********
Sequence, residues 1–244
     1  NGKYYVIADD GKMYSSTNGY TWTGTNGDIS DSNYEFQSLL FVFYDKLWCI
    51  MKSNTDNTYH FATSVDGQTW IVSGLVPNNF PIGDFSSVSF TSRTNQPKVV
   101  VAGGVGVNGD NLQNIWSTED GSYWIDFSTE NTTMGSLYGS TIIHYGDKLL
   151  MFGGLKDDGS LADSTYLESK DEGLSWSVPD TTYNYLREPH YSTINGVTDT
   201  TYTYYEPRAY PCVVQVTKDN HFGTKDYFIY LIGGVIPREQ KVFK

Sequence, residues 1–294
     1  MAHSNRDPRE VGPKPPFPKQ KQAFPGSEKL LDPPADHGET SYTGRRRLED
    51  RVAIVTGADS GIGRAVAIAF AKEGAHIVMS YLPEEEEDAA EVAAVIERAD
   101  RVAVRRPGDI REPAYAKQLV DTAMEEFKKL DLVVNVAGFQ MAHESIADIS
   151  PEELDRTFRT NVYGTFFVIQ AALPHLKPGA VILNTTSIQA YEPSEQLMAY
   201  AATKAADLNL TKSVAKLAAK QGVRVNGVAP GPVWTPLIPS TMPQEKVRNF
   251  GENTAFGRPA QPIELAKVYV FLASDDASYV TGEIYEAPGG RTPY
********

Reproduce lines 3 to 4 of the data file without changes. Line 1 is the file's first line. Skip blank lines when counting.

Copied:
    51  MKSNTDNTYH FATSVDGQTW IVSGLVPNNF PIGDFSSVSF TSRTNQPKVV
   101  VAGGVGVNGD NLQNIWSTED GSYWIDFSTE NTTMGSLYGS TIIHYGDKLL